Each day Juan chooses how much time to work and how much time to spend in leisure. Other things being equal, we expect that Juan likes to have leisure time. This is not to say that Juan never gets any satisfaction from working. But like most people—even those who enjoy their jobs—he would prefer to work a little bit less and play a little bit more. He cannot spend all his time in leisure, however. He works because he likes to consume. The harder he works, the more real GDP he can produce and consume. Juan’s decision about how many hours to work each day is determined in large part by how productive he can be—that is, how much real GDP he can produce for each hour of leisure time that he gives up.

Juan does not have to consume all the output that he produces; he might save some of it for the future. As well as deciding how much to work, he decides how much to consume and how much to save each day. You have probably made decisions like Juan’s. At some time in your life, you may have worked at a job—perhaps in a fast-food restaurant, a grocery store, or a coffee shop. Perhaps you were paid weekly. Then each week you might have spent all the money you earned on movies, meals out, or clothes. Or—like Juan—you might have decided to spend only some of that money and save some for the future. When you save money instead of spending it, you are choosing to consume goods and services at some future date instead of right now. You may choose to forgo movies and clothes today to save for the purchase of a car or a vacation.

The choice we have just described—consuming versus saving—is one of the most fundamental decisions in macroeconomics. It comes up again and again when we study the macroeconomy. Just as you and Juan make this choice, so does the overall economy. Of course, the economy doesn’t literally make its own decision about how much to save. Instead, the saving decisions of each individual household in the economy determine the overall amount of savings in the economy. And the economy as a whole doesn’t save the way you do—by putting money in a bank. An economy saves by devoting some of its production to capital goods rather than consumer goods. If Juan chooses to produce capital goods, he will have a larger capital stock in the future, which will allow him to be more productive and enjoy higher consumption in the future.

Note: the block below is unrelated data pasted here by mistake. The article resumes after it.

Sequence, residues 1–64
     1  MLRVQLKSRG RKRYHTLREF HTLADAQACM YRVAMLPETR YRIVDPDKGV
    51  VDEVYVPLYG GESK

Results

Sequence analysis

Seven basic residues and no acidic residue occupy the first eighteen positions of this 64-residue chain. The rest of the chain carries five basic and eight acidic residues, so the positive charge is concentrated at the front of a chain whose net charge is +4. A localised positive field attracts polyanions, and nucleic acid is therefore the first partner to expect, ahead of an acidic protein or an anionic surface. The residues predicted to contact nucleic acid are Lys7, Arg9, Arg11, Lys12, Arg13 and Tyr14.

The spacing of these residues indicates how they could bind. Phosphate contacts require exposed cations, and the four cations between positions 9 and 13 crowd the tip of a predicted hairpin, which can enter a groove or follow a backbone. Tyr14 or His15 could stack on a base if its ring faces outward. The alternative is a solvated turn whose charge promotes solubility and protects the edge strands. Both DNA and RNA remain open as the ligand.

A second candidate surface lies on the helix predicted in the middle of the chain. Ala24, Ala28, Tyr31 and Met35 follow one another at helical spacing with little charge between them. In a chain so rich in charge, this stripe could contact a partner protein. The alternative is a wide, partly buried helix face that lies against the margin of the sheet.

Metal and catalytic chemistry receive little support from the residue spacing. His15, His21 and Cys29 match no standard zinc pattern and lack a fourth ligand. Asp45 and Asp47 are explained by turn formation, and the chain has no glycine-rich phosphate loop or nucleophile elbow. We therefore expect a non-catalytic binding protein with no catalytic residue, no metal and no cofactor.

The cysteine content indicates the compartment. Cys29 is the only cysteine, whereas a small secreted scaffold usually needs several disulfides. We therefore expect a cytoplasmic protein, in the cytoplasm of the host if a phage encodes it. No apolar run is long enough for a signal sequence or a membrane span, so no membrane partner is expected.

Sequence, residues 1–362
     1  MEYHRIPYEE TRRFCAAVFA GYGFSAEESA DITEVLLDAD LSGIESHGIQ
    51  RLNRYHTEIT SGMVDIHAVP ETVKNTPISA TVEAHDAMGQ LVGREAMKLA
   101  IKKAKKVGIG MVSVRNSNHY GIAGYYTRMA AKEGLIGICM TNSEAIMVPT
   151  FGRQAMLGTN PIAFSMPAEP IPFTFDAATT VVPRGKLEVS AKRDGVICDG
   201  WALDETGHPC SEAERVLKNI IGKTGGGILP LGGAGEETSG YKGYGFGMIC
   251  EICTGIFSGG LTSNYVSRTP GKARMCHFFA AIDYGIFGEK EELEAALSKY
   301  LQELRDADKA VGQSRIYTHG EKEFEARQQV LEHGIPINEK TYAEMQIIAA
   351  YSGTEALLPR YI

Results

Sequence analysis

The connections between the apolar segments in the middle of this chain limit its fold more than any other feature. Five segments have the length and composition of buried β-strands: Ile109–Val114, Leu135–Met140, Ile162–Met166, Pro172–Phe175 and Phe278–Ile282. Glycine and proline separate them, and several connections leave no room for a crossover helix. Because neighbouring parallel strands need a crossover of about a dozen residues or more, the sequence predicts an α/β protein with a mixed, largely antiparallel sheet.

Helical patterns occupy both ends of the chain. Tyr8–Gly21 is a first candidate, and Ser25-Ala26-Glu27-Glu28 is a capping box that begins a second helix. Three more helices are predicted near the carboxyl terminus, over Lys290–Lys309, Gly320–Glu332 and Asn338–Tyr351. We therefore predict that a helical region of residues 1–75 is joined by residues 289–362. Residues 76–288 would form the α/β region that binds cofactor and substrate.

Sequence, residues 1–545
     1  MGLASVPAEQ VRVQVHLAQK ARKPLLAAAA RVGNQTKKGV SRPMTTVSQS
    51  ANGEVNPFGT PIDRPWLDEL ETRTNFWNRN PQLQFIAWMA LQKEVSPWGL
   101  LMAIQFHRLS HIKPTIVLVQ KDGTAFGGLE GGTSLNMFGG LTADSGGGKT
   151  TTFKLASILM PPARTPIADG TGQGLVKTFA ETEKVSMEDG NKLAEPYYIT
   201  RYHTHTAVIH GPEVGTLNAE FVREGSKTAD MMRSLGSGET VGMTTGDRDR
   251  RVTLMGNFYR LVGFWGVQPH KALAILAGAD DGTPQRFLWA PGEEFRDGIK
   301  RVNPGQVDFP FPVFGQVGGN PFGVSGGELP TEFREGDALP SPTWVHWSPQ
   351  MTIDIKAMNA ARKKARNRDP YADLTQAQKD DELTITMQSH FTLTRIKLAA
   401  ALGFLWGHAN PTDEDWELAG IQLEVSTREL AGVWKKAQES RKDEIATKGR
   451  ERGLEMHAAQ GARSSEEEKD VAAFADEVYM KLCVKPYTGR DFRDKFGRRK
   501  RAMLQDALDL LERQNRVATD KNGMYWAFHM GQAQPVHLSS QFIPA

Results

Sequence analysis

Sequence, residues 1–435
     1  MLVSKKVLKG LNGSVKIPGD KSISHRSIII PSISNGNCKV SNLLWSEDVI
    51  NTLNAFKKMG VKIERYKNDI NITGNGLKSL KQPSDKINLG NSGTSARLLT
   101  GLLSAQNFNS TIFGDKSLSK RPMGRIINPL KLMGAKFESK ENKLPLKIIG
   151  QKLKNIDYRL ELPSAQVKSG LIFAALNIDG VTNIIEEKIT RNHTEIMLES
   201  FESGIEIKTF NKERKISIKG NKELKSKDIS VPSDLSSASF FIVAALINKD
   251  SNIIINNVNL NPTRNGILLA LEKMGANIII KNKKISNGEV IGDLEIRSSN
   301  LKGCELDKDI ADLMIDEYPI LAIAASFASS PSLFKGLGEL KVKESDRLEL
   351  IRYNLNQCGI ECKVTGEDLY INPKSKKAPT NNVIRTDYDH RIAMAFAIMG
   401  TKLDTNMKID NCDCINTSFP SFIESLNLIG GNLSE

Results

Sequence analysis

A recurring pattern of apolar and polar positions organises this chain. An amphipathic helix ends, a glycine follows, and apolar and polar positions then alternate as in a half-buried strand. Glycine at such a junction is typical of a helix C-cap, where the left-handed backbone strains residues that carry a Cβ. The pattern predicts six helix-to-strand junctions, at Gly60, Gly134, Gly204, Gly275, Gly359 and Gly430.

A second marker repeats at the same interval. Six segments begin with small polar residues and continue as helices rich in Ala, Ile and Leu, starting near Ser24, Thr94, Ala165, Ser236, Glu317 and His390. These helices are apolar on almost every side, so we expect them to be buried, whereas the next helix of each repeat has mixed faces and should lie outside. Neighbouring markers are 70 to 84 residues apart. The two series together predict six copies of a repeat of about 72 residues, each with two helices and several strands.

Growth in a Closed Economy

At any given moment, Juan’s ability to produce output is largely determined by his stock of physical capital, his human capital, and the state of technology in Solovenia. But, as time passes, the level of output in Solovenia can change through a variety of mechanisms.

First, the capital stock in Solovenia can grow over time, as shown in Figure 21.4. Juan builds up his capital stock by saving. Since Juan is the only inhabitant, the amount he saves is equal to the national savingsThe sum of private and government saving. of Solovenia. It is the difference between his output (real GDP of Solovenia) and the amount he consumes.In a real economy, national savings also include the savings of government: we must add in the government surplus or subtract the government deficit, as appropriate.

Figure 21.4

Increases in the capital stock lead to increases in output. If the capital stock in Solovenia increases between this year and next year, output also increases. Increases in the capital stock are one source of growth.

The more that Juan saves today, the more he can build up his capital stock, and the higher his future standard of living will be. If Juan chooses to consume less today, he will have a higher living standard in the future. If Juan chooses to consume more today, he must accept that this means less consumption in the future. Economies, like individuals, can choose between eating their cake now or saving it for the future.

In making this decision, Juan weighs the cost of giving up a little bit of consumption today against the benefit of having a little bit more consumption in the future. The higher the marginal product of capital, the more future benefit he gets from sacrificing consumption today. Other things being equal, a higher marginal product of capital induces Juan to save more. Juan’s choice also depends on how patient or impatient he is. The more patient he is, the more he is willing to give up consumption today to enjoy more consumption in the future.

Increases in the amount of physical capital are one way in which an economy can grow. Another is through increases in human capital and technology. These shift the production function upward, as shown in Figure 21.5. Perhaps Juan sometimes has better ideas about how to do things. Perhaps he gets better with practice. Perhaps Juan spends some time trying to come up with better ways of producing things.